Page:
Skip to content

Food For Thought Friday – On Becoming a Novelist

May 3, 2013

About three months ago, I read John Gardner’s book On Becoming a Novelist and it was huge for my writing. I owe a lot of how I now view writing to that book.

In a particular section, he spends talking about the psychology of a writer. This quote about made my head explode:

Like other kinds of intelligence, the storyteller’s is partly natural, partly trained. It is composed of several qualities, most of which, in normal people, are signs of either immaturity or incivility: wit (a tendency to make irreverent connections); obstinacy and a tendency toward churlishness (a refusal to believe what all sensible people know is true); childishness (an apparent lack of mental focus and serious life purpose, a fondness for daydreaming and telling pointless lies, a lack of proper respect, mischievousness, an unseemly propensity for crying over nothing); a marked tendency toward oral or anal fixation or both (the oral manifested by excessive eating, drinking, smoking, and chattering; the anal by nervous cleanliness and neatness coupled with a weird fascination with dirty jokes); remarkable powers of eidetic recall, or visual memory (a usual feature of early adolescence and mental retardation); a strange admixture of shameless playfulness and embarrassing earnestness, the latter often heightened by irrationally intense feelings for or against  religion; patience like a cat’s; a criminal streak of cunning; psychological instability; recklessness, impulsiveness, and improvidence; and finally, an in explicable and incurable addiction to storis, written or oral, bad or good. Not all writers have exactly these same virtues of course. Occasionally one finds one who is not abnormally improvident.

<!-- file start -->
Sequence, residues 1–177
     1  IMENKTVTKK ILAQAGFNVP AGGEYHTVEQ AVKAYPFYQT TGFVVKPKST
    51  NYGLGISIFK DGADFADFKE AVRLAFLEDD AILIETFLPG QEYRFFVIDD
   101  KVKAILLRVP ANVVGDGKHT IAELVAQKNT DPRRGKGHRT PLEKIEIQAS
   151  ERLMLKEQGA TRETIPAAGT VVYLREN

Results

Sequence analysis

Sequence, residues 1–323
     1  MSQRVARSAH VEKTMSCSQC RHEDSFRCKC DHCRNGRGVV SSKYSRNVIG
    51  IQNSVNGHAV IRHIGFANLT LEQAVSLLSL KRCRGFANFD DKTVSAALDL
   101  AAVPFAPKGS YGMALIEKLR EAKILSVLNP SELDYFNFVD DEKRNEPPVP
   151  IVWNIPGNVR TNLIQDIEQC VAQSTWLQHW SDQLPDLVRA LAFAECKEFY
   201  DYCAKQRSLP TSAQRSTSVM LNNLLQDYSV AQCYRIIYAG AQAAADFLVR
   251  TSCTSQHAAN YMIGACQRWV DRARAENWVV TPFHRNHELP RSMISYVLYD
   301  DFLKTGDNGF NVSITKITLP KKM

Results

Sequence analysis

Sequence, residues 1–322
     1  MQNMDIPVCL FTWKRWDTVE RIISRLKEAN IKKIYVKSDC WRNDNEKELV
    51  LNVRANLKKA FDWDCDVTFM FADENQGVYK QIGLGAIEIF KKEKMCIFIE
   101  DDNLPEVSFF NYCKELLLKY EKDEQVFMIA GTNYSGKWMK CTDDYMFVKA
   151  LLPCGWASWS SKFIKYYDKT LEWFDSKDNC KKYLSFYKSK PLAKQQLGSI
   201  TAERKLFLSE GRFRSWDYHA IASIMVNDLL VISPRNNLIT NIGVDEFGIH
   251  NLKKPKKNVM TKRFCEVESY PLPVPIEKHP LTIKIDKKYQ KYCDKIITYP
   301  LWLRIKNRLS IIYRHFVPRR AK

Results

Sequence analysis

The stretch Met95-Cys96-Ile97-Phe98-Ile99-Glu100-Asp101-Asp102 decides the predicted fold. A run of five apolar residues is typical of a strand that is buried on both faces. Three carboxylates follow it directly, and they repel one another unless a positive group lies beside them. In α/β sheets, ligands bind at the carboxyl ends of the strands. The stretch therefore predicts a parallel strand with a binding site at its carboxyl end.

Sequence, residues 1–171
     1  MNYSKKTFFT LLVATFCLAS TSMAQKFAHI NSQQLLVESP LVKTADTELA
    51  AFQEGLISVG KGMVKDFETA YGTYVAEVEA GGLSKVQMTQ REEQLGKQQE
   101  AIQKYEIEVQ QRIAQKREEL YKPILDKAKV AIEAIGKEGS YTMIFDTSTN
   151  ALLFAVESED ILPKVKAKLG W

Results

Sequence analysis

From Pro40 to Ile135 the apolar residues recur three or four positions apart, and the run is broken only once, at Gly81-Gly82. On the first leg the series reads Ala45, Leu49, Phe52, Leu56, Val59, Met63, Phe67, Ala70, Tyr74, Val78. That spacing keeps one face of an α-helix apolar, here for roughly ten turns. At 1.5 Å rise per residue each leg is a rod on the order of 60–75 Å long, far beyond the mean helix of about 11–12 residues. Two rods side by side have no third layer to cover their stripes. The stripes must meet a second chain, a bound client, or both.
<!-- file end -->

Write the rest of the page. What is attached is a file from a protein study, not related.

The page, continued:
– John Gardner

 

When I read this passage, I felt like he described everything about myself I’ve always tried not to admit.

Now, I feel like I can embrace them.

 

Signing off,

Grace and Love.

Advertisements

Leave a Reply

Fill in your details below or click an icon to log in:

WordPress.com Logo

You are commenting using your WordPress.com account. Log Out / Change )

Twitter picture

You are commenting using your Twitter account. Log Out / Change )

Facebook photo

You are commenting using your Facebook account. Log Out / Change )

Google+ photo

You are commenting using your Google+ account. Log Out / Change )

Connecting to %s

%d bloggers like this: